Here, Plaintiff does not allege any wrongful conduct by Defendant Burns. The only allegations against this Defendant are that he had "been reporting to P.O. Burns without any problems" until August 18, 2009 and that on that date, Plaintiff did not see P.O. Burns. The only other allegation concerning Defendant Burns is that Defendant Spence and Defendant Burns are partners. Given the absence of any allegations of unconstitutional conduct by Defendant Burns, Plaintiff's Section 1983 claims against Defendant Burns are not plausible and are dismissed.

With regard to Defendants Bush and Spence, though thin, the Court declines to find at this stage that Plaintiff's constitutional claims against Defendants Bush and Spence in their individual capacities are implausible. Accordingly, the Court directs service of the Summons and Complaint upon Defendants Bush and Spence in their individual capacities.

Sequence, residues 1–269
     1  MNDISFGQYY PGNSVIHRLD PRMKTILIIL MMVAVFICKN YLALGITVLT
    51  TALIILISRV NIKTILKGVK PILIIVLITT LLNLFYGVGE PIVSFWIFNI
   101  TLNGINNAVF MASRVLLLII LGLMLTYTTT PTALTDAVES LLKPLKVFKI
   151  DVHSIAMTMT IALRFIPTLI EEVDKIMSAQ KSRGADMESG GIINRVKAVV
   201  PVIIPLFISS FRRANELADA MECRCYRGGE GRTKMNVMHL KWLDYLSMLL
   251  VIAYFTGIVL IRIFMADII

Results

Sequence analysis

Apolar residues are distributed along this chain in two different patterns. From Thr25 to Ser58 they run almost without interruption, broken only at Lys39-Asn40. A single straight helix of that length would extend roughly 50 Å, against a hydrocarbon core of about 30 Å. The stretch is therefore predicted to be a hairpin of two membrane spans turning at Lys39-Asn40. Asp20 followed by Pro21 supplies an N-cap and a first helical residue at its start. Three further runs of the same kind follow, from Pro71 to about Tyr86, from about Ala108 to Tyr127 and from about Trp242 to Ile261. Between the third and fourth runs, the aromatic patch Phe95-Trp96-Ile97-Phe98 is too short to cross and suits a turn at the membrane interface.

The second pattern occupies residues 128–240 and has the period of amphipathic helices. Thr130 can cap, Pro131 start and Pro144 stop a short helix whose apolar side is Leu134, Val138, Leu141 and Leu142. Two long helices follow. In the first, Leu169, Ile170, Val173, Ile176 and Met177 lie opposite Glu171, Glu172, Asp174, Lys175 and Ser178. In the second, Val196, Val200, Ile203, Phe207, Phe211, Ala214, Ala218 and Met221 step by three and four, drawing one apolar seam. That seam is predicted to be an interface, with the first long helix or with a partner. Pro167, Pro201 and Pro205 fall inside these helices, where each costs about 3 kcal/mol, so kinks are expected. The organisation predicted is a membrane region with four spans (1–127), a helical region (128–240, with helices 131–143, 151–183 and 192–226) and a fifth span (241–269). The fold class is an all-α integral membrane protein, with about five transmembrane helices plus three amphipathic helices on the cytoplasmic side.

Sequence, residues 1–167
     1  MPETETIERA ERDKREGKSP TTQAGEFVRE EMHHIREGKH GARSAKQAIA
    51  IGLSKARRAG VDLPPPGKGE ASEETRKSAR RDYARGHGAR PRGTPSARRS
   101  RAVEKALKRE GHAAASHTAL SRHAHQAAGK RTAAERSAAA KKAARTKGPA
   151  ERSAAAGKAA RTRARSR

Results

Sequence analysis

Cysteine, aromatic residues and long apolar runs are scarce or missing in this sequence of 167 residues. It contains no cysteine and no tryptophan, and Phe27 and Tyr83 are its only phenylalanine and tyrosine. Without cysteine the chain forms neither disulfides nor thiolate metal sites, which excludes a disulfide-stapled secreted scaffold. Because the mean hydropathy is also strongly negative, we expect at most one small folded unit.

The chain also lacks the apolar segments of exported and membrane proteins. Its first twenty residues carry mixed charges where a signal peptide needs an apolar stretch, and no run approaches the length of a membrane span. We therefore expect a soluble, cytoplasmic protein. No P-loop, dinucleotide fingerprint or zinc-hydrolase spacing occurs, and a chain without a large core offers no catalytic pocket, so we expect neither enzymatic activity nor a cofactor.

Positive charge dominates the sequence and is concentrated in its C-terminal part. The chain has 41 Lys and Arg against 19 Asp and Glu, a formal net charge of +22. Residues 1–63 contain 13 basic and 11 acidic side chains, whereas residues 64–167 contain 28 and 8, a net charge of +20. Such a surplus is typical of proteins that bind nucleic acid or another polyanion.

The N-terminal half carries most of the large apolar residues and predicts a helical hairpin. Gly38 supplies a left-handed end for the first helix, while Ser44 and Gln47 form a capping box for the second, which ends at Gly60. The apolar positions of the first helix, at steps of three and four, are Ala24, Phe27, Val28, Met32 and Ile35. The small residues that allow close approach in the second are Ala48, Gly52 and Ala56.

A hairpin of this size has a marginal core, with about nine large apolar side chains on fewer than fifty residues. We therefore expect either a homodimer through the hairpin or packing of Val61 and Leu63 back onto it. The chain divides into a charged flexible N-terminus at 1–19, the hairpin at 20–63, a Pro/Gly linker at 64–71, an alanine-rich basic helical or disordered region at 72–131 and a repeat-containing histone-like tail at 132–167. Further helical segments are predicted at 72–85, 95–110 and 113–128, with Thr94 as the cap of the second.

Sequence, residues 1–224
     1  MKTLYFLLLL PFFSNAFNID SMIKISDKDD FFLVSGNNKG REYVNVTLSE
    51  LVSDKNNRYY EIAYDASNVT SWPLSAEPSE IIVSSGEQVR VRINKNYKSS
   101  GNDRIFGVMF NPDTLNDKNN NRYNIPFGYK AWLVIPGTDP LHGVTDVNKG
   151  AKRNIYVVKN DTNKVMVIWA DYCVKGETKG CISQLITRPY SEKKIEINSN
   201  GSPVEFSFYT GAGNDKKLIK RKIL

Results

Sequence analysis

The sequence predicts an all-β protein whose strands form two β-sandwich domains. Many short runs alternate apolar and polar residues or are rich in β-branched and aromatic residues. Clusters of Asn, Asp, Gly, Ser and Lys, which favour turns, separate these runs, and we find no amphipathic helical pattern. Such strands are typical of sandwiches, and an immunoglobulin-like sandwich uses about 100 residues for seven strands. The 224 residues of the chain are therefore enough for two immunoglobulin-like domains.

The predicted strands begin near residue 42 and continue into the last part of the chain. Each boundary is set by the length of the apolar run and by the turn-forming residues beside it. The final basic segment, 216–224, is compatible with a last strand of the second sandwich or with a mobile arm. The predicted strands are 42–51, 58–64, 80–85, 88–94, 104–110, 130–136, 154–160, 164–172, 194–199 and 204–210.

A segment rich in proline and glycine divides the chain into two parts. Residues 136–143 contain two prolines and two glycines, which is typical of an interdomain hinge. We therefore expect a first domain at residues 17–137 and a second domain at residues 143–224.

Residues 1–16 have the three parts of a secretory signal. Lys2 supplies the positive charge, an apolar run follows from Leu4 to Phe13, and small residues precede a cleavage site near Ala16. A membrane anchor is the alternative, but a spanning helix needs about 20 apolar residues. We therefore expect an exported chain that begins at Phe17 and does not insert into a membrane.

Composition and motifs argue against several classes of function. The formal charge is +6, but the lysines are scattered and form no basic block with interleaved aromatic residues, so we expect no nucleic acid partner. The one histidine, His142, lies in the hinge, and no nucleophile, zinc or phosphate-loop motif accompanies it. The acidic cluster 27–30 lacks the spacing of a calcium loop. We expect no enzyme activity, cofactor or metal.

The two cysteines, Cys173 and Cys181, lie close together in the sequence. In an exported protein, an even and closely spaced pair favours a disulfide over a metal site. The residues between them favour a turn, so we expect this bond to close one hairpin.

CONCLUSION

For the reasons set forth above, Plaintiff's application to proceed in forma pauperis is granted, but the Complaint is sua sponte dismissed as against the New York State Division of Parole and Defendants Bush, Burns and Spence in their official capacities and as against Defendant Burns in his individual capacity pursuant to 28 U.S.C. §§ 1915(e)(2), 1915A(b). The Clerk of the Court is directed to forward to the United States Marshal for the Eastern District of New York copies of Plaintiff's Summons, Complaint, and this Order for service upon Defendants Bush and Spence in their individual capacities, without prepayment of the filing fee. Furthermore, the Clerk must mail a copy of this Order to the Plaintiff.

The Court certifies pursuant to 28 U.S.C. § 1915(a)(3) that any appeal from this Order would not be taken in good faith and therefore in forma pauperis status is denied for the purpose of any appeal. See Coppedge v. United States, 369 U.S. 438, 444-45, 82 S. Ct. 917, 8 L. Ed. 2d 21 (1962).

SO ORDERED.

Joanna Seybert, U.S.D.J.

Central Islip, New York